The Capital Value Equation: What is it?
Turnover and profitability are often cited as the key determinants of a company’s health; but our research shows that there’s a less-publicised measure which is even more important.
That metric is ‘capital value’ (also known as shareholder value). We believe that it is a concept that should be close to the heart of every business owner. It describes the potential value of their business on the open market, or indeed, how much it may be worth to the next generation if passed on in a succession plan.
What is Capital Value?
To set the scene, the capital value of a business is a measure of how much it is worth at any given moment. However it can mean a lot more than just this – businesses with a greater capital value are likely to have improved access to finance, be performing well against their competitors, and more likely to strengthen the value of their brand; which, in turn, can increase market share.
A recent pan-European survey conducted by Mazars found that 72% of Mid-Market and Entrepreneurial business owners believe long term capital value should be a priority for their company. However, only 23% stated that their daily activities are dictated by their efforts to enhance capital value.
For ambitious business owners, there is a huge amount that can be done to improve this vital metric on a daily basis.
What is it not?
It is important to note that capital value is not just a reflection of a company’s profitability: instead it factors in a broad range of characteristics, including market sentiment, the quality of its assets, its financial performance, the level of debt and even the type of customers it has. Factors such as being over-reliant on one large customer can bring the value down, whereas positive factors such as owning the intellectual property associated with goods/services can increase it.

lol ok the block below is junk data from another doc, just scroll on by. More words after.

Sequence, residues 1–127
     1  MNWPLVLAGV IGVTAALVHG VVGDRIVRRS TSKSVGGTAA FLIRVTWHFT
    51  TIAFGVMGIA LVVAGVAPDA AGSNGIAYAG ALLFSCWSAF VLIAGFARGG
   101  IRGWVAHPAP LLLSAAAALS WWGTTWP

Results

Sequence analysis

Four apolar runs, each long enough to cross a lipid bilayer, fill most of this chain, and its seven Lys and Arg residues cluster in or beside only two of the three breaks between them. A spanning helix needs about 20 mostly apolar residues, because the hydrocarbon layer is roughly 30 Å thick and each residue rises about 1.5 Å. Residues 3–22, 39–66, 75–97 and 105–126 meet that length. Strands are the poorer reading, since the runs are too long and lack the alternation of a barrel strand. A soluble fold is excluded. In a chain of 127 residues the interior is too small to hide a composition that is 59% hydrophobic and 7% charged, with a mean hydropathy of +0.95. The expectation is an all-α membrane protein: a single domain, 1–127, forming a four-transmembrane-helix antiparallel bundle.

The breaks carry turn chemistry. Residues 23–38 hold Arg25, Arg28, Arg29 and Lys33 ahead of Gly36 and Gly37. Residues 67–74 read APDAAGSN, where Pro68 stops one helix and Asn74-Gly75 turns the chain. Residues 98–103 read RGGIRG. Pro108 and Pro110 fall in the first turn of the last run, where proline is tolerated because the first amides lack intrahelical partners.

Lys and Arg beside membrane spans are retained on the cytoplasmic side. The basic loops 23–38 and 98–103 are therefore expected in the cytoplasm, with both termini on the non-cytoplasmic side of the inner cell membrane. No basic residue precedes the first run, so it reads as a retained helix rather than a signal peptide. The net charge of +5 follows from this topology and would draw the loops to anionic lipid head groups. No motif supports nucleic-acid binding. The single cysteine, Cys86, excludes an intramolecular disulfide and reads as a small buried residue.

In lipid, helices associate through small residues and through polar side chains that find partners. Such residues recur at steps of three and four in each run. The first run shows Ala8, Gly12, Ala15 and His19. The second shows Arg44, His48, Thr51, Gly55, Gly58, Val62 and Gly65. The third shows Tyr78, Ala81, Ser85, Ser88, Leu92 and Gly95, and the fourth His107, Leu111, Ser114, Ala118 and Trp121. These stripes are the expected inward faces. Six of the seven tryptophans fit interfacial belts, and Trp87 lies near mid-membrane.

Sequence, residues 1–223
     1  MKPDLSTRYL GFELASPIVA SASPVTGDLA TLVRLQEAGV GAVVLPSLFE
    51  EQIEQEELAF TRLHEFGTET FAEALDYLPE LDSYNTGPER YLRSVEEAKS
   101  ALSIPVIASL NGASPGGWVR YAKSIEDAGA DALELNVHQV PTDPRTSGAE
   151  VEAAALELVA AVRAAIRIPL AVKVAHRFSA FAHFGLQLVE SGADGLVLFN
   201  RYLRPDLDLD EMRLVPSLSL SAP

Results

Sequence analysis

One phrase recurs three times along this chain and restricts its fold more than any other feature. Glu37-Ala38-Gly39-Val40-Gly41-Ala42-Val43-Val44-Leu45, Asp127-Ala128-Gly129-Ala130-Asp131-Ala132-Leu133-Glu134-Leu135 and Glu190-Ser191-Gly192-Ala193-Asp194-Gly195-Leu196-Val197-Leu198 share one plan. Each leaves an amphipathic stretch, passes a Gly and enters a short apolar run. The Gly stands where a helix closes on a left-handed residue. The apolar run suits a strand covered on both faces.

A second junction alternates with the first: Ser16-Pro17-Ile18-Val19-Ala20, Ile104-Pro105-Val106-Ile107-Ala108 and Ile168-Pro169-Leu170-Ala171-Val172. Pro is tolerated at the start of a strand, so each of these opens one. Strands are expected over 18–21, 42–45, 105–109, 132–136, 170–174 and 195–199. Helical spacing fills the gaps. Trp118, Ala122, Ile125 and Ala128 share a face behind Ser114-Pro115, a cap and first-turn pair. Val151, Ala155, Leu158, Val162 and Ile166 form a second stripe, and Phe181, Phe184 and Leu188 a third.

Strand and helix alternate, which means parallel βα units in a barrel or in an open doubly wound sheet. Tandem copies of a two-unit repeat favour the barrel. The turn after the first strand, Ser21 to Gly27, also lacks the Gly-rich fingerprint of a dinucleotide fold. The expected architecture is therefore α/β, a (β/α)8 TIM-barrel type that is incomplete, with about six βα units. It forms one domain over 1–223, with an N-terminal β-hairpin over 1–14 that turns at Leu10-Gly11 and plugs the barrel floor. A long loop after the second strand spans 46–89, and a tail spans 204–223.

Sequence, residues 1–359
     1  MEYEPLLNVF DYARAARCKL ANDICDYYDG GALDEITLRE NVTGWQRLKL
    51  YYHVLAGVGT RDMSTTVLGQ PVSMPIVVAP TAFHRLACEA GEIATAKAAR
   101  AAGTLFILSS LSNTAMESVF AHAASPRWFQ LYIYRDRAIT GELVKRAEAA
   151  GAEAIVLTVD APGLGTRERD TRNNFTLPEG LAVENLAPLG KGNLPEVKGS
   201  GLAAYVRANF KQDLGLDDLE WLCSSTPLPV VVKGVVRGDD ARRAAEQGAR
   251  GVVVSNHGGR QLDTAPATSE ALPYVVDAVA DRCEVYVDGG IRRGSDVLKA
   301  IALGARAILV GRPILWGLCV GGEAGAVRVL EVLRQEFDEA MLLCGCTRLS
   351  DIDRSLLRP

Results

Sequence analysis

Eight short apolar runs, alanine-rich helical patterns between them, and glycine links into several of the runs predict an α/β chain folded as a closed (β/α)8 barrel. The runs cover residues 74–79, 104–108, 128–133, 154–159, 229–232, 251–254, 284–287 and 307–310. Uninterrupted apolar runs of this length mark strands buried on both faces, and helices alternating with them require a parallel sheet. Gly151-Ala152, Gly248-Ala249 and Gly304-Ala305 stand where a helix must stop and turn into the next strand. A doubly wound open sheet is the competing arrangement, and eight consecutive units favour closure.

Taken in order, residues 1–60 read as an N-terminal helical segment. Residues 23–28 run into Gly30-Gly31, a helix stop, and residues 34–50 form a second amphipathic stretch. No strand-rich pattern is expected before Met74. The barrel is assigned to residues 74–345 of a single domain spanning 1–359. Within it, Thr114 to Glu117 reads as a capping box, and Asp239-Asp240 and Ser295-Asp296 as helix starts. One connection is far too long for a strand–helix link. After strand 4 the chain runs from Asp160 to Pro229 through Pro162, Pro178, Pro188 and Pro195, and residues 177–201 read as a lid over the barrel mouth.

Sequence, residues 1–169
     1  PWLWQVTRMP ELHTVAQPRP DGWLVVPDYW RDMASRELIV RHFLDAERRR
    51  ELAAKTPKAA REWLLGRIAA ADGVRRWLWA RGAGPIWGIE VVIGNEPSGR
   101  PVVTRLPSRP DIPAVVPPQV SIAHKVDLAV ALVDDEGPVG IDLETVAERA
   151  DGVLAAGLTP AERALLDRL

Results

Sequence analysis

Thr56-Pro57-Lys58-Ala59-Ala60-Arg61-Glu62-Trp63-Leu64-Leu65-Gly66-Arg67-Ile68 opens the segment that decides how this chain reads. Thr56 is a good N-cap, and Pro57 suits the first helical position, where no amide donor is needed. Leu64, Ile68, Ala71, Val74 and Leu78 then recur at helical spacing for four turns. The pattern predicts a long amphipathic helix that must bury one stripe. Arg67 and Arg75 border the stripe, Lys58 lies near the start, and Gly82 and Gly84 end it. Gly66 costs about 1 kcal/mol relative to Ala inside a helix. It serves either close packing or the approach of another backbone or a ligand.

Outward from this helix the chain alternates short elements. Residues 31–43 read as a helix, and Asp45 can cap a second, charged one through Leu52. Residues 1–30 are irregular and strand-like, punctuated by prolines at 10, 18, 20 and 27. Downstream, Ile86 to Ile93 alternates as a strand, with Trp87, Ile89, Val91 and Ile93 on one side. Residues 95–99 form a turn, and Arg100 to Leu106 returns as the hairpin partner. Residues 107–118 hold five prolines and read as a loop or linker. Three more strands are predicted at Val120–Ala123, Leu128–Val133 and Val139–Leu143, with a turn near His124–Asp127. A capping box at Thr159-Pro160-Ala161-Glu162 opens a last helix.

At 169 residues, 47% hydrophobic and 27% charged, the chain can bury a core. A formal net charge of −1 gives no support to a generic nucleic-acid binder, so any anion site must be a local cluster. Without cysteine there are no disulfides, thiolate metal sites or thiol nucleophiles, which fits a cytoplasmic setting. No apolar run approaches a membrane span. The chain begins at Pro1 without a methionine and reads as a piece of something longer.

And that’s not all. There are also several key drivers to add into the mix, such as the strength of the management team, the quality of the product offering, market position, the efficiency of the business operations and the primary business model operated. These act to magnify the effect of the factors already in place, and the difference they make to the total capital value calculation can be staggering.
The Mazars Capital Value Equation
We have termed this the Mazars Capital Value Equation:
Once all of these factors have been considered, the variance in the capital value calculated of similar sized companies, operating in similar industries, can be significant. This 'capital value gap' can run into millions over the life of a business owner: and be the difference between long-term sustainable success, and simply treading water.